• Breaking News

    Wednesday, 25 January 2017

    About Our Campaign (trigger warning)

    In the weeks leading up to Halloween 2016, members from the mental health community group The Safe Haven Cafe Project began posting images of mental health related products produced for sale in the UK. It was clear from the comments from groups and individuals who responded, that this was a major source of concern and anger among many in the mental health community both in the UK and elsewhere.
    Halloween has become a time of year when the manufacture of products that demonise or stigmatise is in the public eye, as every year retailers become forced to withdraw from sale products that customers & campaigners bring to their attention.

    2016 was a particularly bad year for offensive mental health stigmatising products.

    In the UK, supermarket chain Morrisons came under pressure for selling a Halloween curtain with the words "Asylum No One Leaves". After a sustained campaign, Morrisons finally withdrew the product.

    In the US, the particularly gruesome Halloween appliance below marketed under the name 'Cruel World', was sold by the US chain Wal-Mart. Many campaigners in the US, UK and elsewhere highlighted their concerns to Wal-Mart in a (successful) campaign to stop the sale of this product. But should it have been available to customers in the first place?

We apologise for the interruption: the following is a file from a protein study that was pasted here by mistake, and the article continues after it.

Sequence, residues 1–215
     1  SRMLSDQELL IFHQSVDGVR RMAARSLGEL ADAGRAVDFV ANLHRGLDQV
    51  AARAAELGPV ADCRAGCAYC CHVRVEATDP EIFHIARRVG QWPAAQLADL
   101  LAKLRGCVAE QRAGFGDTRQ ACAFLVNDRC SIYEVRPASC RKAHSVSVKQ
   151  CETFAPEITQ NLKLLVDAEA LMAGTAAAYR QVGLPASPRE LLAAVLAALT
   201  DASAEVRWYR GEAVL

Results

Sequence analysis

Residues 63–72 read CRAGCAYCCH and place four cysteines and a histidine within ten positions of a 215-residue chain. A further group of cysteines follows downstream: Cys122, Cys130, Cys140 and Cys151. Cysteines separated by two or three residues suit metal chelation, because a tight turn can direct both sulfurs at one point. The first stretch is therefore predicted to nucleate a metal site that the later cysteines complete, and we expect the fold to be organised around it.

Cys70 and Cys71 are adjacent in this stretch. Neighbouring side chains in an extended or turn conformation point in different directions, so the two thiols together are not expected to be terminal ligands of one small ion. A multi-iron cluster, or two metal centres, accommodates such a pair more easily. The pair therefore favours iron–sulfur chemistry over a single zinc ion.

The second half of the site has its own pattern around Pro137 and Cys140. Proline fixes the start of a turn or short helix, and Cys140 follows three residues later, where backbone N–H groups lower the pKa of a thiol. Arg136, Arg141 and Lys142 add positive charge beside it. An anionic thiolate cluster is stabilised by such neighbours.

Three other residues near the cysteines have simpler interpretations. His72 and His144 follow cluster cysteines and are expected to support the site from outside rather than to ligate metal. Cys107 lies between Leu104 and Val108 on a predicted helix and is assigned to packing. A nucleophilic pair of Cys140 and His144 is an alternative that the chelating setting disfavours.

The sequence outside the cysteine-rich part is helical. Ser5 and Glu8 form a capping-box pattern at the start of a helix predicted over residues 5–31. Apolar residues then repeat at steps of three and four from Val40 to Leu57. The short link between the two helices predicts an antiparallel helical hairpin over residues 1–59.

In the UK, according to the Mental Health Foundation, we have "the highest self-harm rate of any country in Europe with estimates of 400 in 100,000 people self-harm.These figures are likely to be higher as many people who self-harm do not tell anyone about it."

    With these facts in mind, any attempt by manufacturers to trivialise, stigmatise or minimise this public health epidemic, seems particularly offensive and immoral.

    And yet, the manufacture and sale of products that target & perpetuate mental health stigma continues unchallenged, despite important breakthroughs in disability legislation in the UK.

    As an example, this manufacturer produces realistic self-harm products which are available to buy (at the time of writing) from on one of the largest online retailers in the UK. And in case the viewer is left in any doubt as to who these products are being sold to, note the faces used in the ads!

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